Stocks, Euro Surge On Another Central Bank Intervention Announcement: ECB Ready To Buy Italian, Spanish BondsSubmitted by Tyler Durden on 08/05/2011 - 11:18
More central bank intervention headlines, and the euro and stocks, which earlier were plunging without a floor, surge:
- ECB ready to buy Italian and Spanish bonds if Berlusconi commits to bring forward specific reforms according to sources
- ECB expects Italy to fast-track welfare reform, fiscal rule for bond purchases according to sources close to talks
- EU leaders applying intensive pressure on Berlusconi to make an announcement according to sources
Said otherwse, open the QE floodgates. Globally. Central banks now control it all. Net result, a 100 pip surge in the EURUSD, and a halt to the market plunge. For at least a few more minutes...
It Just Got Worse: Italian Treasury Just Announced It Will Not Sell 3 Month Bills At The August 10 AuctionSubmitted by Tyler Durden on 08/05/2011 - 11:06
Little by little, Italy's self-imposed exile will completely isolate it from capital markets. Here's to hoping that €60 trillion in previously undiscovered money last the country for a looooong while.
Here is your chance to see Italy's troubled PM FinMin Giulio Tremonti and even more troubled Prime Minister Berlusconi hold a press briefing on the topic of Italy's economy and market, and attempt to soothe stocks. Judging by the ongoing flash crash across various open markets, they better have something convincing to say.
The next best thing to being present at the ongoing JPM call discussing the turmoil in repo markets and overall short term credit liquidity constraints, is having the slidedeck from the presentation. For everyone curious about the gradual freezing of ultra short-term liquidity, especially in the aftermath of BoNY's decision yesterday to implement negative interest rates on deposits - a move certain to be adopted by many more, here is the answer to all your questions in a few fancy charts...
Capitulation Redux Or August 2010 Deja Vu: Goldman Downgrades US Economy, Sees One In Three Risk Of Recession, Expects Some QE3 Announcement Next WeekSubmitted by Tyler Durden on 08/05/2011 - 10:13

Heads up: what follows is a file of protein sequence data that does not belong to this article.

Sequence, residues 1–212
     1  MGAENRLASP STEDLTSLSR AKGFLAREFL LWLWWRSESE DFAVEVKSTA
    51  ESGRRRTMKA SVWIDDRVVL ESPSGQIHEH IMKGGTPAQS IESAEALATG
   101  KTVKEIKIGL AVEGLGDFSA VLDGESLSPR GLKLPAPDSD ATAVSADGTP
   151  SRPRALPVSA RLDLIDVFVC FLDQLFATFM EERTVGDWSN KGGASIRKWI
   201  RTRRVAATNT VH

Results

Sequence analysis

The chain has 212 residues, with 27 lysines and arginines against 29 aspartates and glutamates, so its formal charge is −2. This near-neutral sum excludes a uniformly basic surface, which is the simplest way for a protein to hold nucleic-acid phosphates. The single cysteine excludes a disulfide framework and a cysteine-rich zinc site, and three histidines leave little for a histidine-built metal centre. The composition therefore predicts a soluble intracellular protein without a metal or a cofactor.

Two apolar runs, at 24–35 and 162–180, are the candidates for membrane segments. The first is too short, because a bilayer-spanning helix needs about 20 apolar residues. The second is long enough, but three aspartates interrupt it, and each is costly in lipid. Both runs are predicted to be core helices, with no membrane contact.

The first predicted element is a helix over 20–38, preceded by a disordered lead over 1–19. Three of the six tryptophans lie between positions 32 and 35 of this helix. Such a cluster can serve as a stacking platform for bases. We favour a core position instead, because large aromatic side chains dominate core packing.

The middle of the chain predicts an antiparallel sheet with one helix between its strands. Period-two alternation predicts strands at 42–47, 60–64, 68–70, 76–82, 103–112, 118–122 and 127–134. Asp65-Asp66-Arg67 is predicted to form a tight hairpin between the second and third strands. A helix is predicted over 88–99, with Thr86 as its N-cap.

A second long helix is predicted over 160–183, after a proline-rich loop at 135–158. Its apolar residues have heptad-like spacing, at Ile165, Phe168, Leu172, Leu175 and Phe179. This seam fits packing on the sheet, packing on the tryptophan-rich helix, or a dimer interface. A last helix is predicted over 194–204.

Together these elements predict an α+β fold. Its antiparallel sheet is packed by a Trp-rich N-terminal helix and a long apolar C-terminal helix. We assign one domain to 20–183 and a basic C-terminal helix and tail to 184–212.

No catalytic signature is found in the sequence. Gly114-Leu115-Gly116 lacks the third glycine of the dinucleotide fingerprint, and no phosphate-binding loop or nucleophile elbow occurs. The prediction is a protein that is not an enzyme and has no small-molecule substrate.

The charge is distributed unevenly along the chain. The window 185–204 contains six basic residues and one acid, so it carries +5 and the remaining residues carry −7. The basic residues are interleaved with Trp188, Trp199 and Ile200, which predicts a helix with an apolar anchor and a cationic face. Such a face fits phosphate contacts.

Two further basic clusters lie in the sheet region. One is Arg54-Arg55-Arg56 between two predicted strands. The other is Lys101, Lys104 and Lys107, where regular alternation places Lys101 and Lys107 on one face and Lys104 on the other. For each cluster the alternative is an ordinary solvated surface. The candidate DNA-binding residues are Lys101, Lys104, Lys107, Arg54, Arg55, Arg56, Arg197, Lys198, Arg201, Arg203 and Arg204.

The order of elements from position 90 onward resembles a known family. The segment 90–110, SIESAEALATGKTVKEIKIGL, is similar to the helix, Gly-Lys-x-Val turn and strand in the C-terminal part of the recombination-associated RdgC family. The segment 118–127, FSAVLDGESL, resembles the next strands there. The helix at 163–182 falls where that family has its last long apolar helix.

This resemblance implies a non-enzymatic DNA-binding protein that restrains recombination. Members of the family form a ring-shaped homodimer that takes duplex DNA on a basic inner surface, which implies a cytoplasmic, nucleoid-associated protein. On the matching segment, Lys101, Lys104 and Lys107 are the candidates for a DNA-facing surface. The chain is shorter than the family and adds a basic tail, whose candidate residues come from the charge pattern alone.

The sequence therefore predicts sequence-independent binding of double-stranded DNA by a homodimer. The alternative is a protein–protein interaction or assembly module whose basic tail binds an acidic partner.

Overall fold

In a carbon copy of Goldman's action from exactly one year ago, Goldman's Jan Hatzius has just killed his outlook for the remainder of the year, said there is a 33% chance of a recession and is now looking forward to some QE3 announcement next week. "As foreshadowed in recent publications, we have lowered our US real GDP growth forecast to 2% (annualized) through 2012Q1 and 2½% thereafter. We now see the unemployment rate edging up to 9¼% by the end of 2012, and see a one-in-three risk of renewed recession. On the monetary policy side, we expect no rate hikes or changes in the size of the Fed's balance sheet until 2013 or later; moreover, we now expect the FOMC to provide more guidance about the future size of its balance sheet at next week’s meeting." Recall that 3 weeks after last year's such downgrade, we had a rather unpleasant announcement at Jackson Hole. Deja vu.... all over again.
Watch the live webcast below to hear as "President Obama Speaks on the Administration’s Work to Prepare Our Nation’s Veterans for the Workforce" and discuss today's jobs number in general. Beginning shortly post the fashionably late arrival. As for why a nation's veterans should be preparing for the workforce, well, we leave that one to others smarter than us.
USDCHF Plunges To Record Low Following Generali CEO Comments Eurozone Faces Risk Of Breakup, Flight To Safety ResumesSubmitted by Tyler Durden on 08/05/2011 - 09:43
Yep. Europe again. Following comments from Generali's CEO Giovanni Perissinotto based on a transcript from a conference call earlier that the Eurozone is at risk of breakup (something which everyone knows, but nobody dares to say, especially not anyone whose CDS is trading in lockstep with those of Italy), the USDCHF just plunged to fresh all time lows. And so all the goodwill created by the robotic buying on the NFP headlines is gone.
Mini Flash Crash Following CDU Statement Eurozone Leaders Have Excluded Boosting Volume Of EFSF Sends ES Down 30 PointsSubmitted by Tyler Durden on 08/05/2011 - 09:12